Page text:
Ex-smokers live longer than those who haven't kicked the habit, no matter what age group you look at, according to a new report.
"This fact calls for effective smoking cessation programs that are likely to have major preventive effects even for smokers aged 60 years and older," German researchers write in Archives of Internal Medicine.
Their report, which summarizes the findings of 17 earlier studies, is the first to review the link between smoking and death in seniors in particular.
"Even older people who smoked for a lifetime without negative health consequences should be encouraged and supported to quit smoking," say the researchers, led by Dr. Hermann Brenner of the German Cancer Research Center in Heidelberg.
They found that smokers 60 years and older were 83 percent more likely to die at any given age compared with people who never smoked. While the link was weaker in the oldest people, it remained considerable even in those aged 80 and over.
Smoking researcher Dr. Prabhat Jha from St. Michael's Hospital in Toronto pointed to a British study, for instance, that followed doctors for half a century and found 59 percent of non-smokers were alive at age 80 compared to 26 percent of smokers.
In a commentary accompanying the German analysis, Dr. Tai Hing Lam of the University of Hong Kong said the findings show one in two elderly smokers will be killed by tobacco.
"Most smokers grossly underestimate their own risks," he wrote. "Many older smokers misbelieve that they are too old to quit or too old to benefit from quitting."
The studies in the current review lasted anywhere from three to 50 years and had anywhere between several hundred and more than 877,000 participants. All are based on observations of differences between current, former and never-smokers over time, which means there is no certainty that tobacco, itself, is responsible for the difference in death rates.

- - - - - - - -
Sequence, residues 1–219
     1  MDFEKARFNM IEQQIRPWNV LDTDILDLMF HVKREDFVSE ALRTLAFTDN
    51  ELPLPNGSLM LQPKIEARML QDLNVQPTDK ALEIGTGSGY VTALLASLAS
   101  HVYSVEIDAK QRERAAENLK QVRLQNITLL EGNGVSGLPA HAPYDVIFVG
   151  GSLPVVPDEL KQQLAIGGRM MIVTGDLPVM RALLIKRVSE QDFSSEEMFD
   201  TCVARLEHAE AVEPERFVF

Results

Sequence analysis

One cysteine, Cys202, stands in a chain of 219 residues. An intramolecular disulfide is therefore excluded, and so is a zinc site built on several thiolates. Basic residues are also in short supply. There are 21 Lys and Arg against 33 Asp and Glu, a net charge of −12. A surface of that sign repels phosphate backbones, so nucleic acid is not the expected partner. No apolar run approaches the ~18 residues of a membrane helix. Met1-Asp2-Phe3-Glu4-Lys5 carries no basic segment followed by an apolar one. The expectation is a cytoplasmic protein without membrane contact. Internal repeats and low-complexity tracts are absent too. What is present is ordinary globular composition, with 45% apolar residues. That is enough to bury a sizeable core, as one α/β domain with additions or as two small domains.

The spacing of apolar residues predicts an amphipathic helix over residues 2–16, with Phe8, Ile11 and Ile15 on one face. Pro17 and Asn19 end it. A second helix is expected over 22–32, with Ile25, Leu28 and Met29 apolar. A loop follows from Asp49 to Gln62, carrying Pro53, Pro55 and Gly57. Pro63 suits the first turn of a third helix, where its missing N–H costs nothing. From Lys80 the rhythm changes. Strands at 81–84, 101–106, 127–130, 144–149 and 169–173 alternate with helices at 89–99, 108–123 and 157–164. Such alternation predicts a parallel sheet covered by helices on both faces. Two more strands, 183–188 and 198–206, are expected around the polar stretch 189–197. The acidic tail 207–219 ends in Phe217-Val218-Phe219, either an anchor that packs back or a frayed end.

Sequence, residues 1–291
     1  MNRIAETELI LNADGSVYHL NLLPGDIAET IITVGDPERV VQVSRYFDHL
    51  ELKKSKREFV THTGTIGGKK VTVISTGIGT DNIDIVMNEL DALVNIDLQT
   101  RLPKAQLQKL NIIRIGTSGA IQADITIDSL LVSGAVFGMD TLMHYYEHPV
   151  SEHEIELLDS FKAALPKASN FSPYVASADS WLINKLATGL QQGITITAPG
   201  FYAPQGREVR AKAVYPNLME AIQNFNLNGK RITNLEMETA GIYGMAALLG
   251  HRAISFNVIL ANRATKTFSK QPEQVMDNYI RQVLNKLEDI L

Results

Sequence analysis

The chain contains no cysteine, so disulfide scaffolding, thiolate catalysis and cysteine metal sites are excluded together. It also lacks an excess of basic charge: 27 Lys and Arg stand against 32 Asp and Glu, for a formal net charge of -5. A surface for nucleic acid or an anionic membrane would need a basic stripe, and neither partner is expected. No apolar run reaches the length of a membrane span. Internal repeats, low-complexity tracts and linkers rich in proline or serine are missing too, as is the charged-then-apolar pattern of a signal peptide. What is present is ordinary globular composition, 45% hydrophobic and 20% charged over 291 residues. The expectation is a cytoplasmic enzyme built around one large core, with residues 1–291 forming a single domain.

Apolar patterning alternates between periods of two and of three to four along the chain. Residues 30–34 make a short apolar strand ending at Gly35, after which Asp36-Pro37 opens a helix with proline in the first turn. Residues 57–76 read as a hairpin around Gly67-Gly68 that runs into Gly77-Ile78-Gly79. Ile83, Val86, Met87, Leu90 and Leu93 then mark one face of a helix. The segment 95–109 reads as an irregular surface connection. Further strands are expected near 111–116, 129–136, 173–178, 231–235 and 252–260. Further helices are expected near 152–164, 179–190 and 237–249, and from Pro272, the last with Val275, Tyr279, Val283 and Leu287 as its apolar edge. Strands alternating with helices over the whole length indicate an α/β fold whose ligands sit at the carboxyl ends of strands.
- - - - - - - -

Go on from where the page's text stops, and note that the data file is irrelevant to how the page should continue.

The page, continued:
But the German researchers believe that's plausible because the chemicals in tobacco are known to cause cell damage and people who smoke more have shorter lives than those who smoke less.
Jha, who heads the Center for Global Health Research at St. Michael's, said the new report might overestimate the hazards of being a former smoker and underestimate the benefits of quitting.
That's because former smokers involved in the studies might have quit due to illness, thereby increasing their chances of early death, Jha told Reuters Health by email.
"Quitting works at any age," he said, "but is especially effective if people quit before disease."
According to the British study of doctors, he said, those who quit before age 40 had nearly the same death rates as those who never smoked.